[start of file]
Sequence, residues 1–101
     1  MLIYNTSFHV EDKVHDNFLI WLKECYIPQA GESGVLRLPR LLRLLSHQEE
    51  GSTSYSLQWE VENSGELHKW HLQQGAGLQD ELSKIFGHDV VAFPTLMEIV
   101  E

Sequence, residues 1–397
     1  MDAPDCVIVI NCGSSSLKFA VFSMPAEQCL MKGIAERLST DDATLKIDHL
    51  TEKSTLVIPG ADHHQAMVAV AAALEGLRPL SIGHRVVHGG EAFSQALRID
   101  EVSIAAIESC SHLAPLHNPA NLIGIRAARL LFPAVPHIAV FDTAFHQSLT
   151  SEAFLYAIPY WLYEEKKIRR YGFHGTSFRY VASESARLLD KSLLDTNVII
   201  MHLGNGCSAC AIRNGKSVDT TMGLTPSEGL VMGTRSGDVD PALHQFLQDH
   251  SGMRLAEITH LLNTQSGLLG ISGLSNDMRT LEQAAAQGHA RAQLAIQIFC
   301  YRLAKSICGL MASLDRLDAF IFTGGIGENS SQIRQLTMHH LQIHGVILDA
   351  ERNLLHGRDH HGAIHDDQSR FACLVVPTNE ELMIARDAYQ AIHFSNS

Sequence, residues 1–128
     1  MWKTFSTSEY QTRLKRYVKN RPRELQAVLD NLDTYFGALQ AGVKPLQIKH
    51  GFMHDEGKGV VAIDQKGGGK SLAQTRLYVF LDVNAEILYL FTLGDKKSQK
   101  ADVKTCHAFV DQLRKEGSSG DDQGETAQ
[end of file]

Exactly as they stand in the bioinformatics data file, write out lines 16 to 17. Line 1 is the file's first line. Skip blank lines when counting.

    51  GFMHDEGKGV VAIDQKGGGK SLAQTRLYVF LDVNAEILYL FTLGDKKSQK
   101  ADVKTCHAFV DQLRKEGSSG DDQGETAQ